His music inspired a generation of Jesus freaks, but he never shook the suspicion of being a wolf in sheep’s clothing.
In 2014, John Darnielle, of the band the Mountain Goats, gave his first novel an obscure title—Wolf in White Van. In the book, the protagonist described watching the Trinity Broadcasting Network many years before. Televangelists Paul and Jan Crouch were discussing Satanism in rock music with an “expert” guest. The hosts were shocked to learn that demonic messages were hidden everywhere—even in albums from so-called Christian artists. To prove his point, the guest produced a vinyl LP, which was placed on a turntable and played backward. Supposedly a mysterious phrase could be heard: “Wolf in White Van.”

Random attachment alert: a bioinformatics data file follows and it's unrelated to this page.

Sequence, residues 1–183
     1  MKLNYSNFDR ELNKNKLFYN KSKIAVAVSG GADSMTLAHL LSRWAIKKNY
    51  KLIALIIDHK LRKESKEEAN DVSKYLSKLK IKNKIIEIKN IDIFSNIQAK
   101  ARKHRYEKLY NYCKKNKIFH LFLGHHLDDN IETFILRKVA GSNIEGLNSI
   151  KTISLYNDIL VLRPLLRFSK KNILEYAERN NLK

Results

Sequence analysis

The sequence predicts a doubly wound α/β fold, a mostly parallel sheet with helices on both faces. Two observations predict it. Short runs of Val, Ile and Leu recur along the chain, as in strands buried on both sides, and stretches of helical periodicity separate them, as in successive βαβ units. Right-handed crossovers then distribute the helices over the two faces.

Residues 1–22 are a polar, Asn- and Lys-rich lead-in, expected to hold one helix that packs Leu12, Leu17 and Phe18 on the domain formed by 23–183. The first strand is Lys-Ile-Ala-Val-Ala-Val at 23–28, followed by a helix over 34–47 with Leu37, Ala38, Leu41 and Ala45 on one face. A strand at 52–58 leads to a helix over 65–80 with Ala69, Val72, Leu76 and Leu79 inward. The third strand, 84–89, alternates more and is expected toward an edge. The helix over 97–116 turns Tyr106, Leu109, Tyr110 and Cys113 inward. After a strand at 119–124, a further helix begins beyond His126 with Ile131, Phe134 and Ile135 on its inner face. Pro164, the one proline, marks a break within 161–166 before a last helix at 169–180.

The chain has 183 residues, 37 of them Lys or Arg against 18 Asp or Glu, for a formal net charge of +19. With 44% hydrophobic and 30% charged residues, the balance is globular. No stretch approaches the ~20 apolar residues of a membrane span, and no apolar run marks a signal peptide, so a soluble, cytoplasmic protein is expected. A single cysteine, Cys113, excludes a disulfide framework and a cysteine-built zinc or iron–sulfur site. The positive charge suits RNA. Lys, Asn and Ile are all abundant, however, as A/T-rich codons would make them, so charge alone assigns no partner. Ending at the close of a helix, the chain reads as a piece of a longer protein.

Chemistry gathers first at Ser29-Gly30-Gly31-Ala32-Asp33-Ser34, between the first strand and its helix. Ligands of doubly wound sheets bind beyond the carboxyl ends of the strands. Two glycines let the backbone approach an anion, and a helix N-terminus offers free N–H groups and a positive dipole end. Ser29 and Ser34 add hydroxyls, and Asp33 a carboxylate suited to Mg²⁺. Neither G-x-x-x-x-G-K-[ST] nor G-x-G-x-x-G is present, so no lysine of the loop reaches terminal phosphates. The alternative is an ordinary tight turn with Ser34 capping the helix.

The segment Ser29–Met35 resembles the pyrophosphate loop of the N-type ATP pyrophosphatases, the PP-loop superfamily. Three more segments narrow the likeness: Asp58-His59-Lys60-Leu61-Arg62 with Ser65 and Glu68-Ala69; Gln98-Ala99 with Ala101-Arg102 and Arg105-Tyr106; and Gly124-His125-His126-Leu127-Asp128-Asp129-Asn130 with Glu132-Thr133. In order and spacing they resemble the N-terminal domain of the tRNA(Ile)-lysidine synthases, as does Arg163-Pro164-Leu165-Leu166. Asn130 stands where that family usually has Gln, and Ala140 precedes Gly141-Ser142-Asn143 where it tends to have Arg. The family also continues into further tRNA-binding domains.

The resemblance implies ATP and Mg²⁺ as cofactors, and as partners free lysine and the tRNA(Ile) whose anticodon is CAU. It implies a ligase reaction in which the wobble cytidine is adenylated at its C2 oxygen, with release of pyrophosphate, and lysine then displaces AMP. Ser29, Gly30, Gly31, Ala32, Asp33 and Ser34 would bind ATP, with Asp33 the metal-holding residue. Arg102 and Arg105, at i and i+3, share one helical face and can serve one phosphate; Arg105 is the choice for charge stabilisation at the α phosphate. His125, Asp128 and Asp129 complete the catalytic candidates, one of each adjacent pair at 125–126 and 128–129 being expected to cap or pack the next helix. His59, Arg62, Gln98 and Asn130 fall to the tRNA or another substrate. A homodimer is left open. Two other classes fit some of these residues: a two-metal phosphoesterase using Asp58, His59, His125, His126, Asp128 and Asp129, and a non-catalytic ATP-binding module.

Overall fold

Why was this phrase so nefarious? Surely it didn’t help matters that the song it was taken from, “666,” was about the Antichrist. But the larger worry was that the artist, Larry Norman (1947–2008), was a wolf in sheep’s clothing. Such suspicion dogged the career of the man who was called the “Father of Christian Rock.”
For decades, Christians have been obsessed with the prospect of hidden messages, both in the Bible and outside it. I confess I spent considerable time in my teenage years listening for purported backward masking on Beatles, Led Zeppelin, and Rush records. What possessed earlier generations of evangelicals to spend so much energy on conspiracy theories—to focus less on the songs themselves than what they sound like played in reverse? Why did so many Christians assume that rock ’n’ roll music was the Devil’s handiwork, plain and simple?
My curiosity led me to a man who, once upon a time, seemed to be the source of all the trouble. Thanks to his estate, I was granted access to Larry Norman’s considerable archives. …
Source: Christianity Today Most Read